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5.0 out of 5 stars Hilarious and informative read., 28 Feb 2014
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Inspiring really is the best word I can think of to describe this book.

I've got a few 'projects' in mind and come the nicer weather I hope to get up to some dastardly plant based deeds in the near future.

A really funny book, made reading it a fun experience. You can read cover to cover or use it as a manual as it's filled with a load of great advice and tips. All presented in a very novice friendly manner. Even a complete scrub like myself has come out the end of this book feeling confident enough to throw on a pair of gloves, grab my shovel and get going.

Brilliant read. :)
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5.0 out of 5 stars Its better to ask for forgiveness than to ask for permission..., 2 Oct 2011
"Its better to ask for forgiveness than to ask for permission" - so runs the underlying theme of this wonderfully readable and entertaining guide to everything you'll ever need to know about the more subversive end of the urban community gardening movement. Guerilla gardening can be as simple as spontaneously clearing up litter and pulling out a few weeds from outside your front door to something as involved as collectively squatting derelict land and turning it into a beautiful or productive green space for the benefit of all.

Tracey places guerilla gardening into a historical context, from Adam and Eve (whatever became of the seeds of that forbidden fruit???), and the potato planting nomads of North West India over 1000 years ago, through to the (probably mythical) early American travelling tree planter Johnny Appleseed, the Yippies and Green Guerillas of 1970s urban USA, right up to the "Resistance Is Fertile" Direct Activists of May Day 2000 in Parliament Square and beyond. Strangely overlooked however are Gerard Winstanley and the Diggers, who in 1649 came to work the land in common at St Georges Hill in Surrey before being brutally suppressed by the local gentry. California Governor Ronald Reagun's forcible eviction of the Berkeley People's Park in 1969, during which a bystander was killed and hundreds more injured when police opened fire on demonstrators, shows that when it comes to land access for the people, the attitudes of the Men of Property have not changed a great deal over the centuries...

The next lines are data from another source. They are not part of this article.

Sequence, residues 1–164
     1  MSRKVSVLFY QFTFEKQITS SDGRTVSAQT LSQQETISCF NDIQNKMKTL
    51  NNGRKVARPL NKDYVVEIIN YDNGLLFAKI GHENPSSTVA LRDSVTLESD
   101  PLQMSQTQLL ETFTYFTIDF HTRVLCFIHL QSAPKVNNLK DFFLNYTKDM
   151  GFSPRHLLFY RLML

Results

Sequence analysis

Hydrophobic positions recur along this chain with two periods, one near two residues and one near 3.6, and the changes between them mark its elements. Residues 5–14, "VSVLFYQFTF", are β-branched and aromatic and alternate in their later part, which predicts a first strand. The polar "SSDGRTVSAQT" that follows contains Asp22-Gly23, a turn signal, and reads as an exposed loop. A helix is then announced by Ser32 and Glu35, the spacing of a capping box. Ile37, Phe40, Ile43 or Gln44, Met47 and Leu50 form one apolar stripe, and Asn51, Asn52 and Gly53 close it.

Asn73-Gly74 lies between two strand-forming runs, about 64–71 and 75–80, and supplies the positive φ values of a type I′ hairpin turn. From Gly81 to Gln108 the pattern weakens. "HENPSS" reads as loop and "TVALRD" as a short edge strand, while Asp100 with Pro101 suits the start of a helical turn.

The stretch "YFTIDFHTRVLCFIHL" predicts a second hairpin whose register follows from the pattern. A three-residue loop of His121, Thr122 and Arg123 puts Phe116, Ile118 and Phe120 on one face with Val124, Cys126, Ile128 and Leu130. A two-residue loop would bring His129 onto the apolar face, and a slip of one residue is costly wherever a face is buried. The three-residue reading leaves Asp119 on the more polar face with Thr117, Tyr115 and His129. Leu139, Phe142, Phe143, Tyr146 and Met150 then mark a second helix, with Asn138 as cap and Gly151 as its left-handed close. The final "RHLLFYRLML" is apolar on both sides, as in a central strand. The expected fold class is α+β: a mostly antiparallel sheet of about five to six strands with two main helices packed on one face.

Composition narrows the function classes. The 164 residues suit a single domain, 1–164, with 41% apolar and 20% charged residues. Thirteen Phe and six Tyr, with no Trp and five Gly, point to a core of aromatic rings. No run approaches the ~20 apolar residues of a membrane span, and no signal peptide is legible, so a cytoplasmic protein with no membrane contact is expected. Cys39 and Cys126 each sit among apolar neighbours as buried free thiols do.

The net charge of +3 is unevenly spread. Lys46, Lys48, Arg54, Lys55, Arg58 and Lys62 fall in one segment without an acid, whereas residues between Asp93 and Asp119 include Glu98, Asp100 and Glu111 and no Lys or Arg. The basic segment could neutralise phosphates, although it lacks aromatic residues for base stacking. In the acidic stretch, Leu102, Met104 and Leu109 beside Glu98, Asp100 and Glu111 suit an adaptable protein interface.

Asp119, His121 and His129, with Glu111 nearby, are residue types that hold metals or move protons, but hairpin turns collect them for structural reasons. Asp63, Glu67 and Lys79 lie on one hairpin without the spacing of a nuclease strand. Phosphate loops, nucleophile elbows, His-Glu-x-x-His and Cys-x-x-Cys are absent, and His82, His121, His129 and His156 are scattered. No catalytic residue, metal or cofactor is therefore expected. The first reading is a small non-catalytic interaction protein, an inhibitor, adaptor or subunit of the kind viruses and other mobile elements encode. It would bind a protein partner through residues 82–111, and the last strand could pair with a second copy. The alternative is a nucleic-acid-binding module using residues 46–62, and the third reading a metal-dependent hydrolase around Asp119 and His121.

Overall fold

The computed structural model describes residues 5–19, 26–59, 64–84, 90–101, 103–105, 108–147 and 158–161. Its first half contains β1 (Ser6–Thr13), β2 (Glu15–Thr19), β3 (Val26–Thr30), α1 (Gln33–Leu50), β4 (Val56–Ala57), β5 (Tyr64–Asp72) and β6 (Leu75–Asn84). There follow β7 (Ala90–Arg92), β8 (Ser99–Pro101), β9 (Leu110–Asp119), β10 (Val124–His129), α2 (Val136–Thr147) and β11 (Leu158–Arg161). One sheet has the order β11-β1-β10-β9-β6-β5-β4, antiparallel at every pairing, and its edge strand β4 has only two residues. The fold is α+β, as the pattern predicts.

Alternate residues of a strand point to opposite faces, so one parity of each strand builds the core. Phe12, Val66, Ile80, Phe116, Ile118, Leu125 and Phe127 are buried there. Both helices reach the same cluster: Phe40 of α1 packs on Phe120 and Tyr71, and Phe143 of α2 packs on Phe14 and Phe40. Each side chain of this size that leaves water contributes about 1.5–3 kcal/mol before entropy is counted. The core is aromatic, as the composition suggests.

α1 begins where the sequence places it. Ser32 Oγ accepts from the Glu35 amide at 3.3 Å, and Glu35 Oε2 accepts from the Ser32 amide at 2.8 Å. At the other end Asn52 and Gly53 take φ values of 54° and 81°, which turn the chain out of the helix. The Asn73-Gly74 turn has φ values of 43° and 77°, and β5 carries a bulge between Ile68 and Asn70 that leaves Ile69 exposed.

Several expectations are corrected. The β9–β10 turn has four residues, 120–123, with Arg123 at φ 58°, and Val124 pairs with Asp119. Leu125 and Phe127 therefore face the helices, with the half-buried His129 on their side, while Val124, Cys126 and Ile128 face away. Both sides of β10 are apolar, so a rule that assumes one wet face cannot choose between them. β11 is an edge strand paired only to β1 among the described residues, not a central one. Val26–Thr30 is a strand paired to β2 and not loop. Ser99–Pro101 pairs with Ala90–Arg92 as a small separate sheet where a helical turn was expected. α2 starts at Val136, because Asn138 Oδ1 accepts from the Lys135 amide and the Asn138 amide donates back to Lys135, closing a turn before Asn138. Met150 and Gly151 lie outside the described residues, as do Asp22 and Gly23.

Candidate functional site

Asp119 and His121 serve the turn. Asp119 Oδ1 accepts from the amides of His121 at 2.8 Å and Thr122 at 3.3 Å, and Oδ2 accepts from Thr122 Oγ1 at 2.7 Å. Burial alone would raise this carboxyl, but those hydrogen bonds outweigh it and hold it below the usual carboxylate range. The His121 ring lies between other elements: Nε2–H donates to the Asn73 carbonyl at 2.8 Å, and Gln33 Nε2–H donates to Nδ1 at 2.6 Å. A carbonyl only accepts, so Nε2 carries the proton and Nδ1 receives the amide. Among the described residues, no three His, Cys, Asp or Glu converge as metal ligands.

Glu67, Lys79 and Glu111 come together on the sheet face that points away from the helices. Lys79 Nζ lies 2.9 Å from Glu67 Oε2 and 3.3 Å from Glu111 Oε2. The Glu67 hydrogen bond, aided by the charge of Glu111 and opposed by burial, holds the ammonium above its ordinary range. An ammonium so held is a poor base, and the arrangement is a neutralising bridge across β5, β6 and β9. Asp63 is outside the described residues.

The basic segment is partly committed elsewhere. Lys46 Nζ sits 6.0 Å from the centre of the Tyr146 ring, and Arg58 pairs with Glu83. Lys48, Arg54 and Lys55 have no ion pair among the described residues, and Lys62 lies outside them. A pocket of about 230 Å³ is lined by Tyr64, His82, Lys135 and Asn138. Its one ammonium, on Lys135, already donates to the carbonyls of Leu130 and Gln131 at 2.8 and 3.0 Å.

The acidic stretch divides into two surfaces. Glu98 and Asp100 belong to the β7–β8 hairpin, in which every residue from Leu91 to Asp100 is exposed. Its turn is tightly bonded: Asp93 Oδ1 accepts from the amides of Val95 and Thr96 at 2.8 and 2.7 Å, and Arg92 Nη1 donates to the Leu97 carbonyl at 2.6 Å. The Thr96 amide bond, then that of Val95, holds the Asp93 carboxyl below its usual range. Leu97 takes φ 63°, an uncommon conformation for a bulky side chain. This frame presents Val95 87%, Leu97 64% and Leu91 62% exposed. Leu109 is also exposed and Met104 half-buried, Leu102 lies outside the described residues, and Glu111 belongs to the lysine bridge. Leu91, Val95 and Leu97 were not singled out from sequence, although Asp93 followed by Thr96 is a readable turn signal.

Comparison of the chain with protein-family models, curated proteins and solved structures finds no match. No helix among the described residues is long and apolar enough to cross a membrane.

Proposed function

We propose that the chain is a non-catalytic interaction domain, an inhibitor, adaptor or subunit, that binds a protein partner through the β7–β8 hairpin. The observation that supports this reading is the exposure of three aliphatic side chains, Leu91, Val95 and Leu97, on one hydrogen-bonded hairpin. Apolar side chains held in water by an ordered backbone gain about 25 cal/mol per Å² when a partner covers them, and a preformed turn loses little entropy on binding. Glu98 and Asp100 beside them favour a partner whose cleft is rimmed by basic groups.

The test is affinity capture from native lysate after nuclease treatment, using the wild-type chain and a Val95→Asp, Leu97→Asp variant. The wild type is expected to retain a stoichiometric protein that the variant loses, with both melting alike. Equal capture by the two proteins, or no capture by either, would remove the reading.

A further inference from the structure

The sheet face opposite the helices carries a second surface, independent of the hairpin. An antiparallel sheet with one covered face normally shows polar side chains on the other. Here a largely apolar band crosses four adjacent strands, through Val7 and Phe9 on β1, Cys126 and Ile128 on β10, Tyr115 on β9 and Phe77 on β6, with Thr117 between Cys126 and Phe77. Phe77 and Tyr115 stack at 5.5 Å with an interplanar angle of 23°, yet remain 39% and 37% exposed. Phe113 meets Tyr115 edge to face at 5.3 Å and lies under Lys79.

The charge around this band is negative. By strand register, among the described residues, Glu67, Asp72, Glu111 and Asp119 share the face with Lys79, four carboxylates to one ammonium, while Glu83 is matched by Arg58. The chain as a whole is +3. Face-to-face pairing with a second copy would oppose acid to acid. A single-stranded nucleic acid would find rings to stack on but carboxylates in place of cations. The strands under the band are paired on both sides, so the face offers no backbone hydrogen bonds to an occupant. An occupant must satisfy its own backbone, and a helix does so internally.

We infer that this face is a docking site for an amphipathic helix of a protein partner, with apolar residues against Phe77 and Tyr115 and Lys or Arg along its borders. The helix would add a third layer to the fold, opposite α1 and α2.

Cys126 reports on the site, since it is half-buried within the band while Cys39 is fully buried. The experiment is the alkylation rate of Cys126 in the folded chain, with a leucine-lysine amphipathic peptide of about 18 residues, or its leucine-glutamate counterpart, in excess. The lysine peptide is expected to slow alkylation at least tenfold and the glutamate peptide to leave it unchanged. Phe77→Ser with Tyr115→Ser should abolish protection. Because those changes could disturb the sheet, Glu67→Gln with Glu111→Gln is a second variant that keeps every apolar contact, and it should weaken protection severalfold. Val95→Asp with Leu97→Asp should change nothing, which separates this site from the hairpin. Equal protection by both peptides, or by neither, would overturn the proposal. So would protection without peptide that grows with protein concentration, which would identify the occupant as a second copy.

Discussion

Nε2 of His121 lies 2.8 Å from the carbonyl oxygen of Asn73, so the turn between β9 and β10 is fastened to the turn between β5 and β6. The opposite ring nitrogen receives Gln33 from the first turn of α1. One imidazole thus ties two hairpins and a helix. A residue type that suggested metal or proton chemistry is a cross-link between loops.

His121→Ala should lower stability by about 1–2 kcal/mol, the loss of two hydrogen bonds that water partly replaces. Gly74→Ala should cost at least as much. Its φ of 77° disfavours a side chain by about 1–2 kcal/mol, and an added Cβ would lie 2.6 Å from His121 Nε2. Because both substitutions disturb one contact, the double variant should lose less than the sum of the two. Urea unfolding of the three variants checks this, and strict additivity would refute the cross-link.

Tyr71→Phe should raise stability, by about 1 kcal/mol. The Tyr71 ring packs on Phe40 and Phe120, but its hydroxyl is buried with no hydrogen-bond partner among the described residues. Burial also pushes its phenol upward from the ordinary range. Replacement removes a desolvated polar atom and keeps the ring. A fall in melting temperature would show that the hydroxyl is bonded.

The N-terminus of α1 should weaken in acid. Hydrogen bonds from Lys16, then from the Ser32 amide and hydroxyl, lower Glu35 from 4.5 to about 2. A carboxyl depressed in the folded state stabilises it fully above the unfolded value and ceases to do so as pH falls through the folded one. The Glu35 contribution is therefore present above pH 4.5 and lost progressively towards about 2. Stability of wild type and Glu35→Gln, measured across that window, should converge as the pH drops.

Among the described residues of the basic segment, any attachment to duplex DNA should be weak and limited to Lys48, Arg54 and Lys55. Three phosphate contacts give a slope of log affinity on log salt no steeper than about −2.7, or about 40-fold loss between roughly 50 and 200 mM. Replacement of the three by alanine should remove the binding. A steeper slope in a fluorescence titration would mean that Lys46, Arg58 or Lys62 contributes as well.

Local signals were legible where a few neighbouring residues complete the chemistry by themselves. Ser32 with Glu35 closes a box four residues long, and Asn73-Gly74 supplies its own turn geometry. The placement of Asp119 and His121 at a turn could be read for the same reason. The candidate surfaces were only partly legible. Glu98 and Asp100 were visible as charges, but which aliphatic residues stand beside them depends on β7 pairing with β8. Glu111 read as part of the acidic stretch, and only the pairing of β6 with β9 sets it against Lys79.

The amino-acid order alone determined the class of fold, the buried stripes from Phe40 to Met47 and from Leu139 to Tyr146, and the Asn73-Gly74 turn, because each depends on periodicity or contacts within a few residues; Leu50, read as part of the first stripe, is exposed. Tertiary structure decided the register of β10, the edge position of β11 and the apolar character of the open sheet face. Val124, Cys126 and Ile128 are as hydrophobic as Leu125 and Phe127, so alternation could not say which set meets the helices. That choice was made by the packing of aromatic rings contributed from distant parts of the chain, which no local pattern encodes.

Which isn't to say that would-be guerilla gardeners should feel intimidated against committing random acts of planting - on the contrary, Tracey argues that a polite, good humoured and non-confrontational attitude will go far when challenged by the authorities, and may well yield positive results. Most people actually prefer flowers, trees and herbs to grey concrete and litter, and whilst the green guerrillas who plant up vacant lots, back alleys and boulevards from London to New York are technically guilty of illegal trespass, the spectacle of prosecutions does little other than highlight officialdom's own lack of resources or commitment towards providing urban environments fit for the people they claim to serve.

Winstanley observed that "The earth is a common treasury for all", and we can all sow our small seeds without waiting for an official say-so. Not so long ago I found a few onion sets at the bottom of my pocket whilst waiting for a train - I pushed these into the soil of a neglected flower bed by the bench, and hey presto! a few months later free onions for anybody that cared to pick them...
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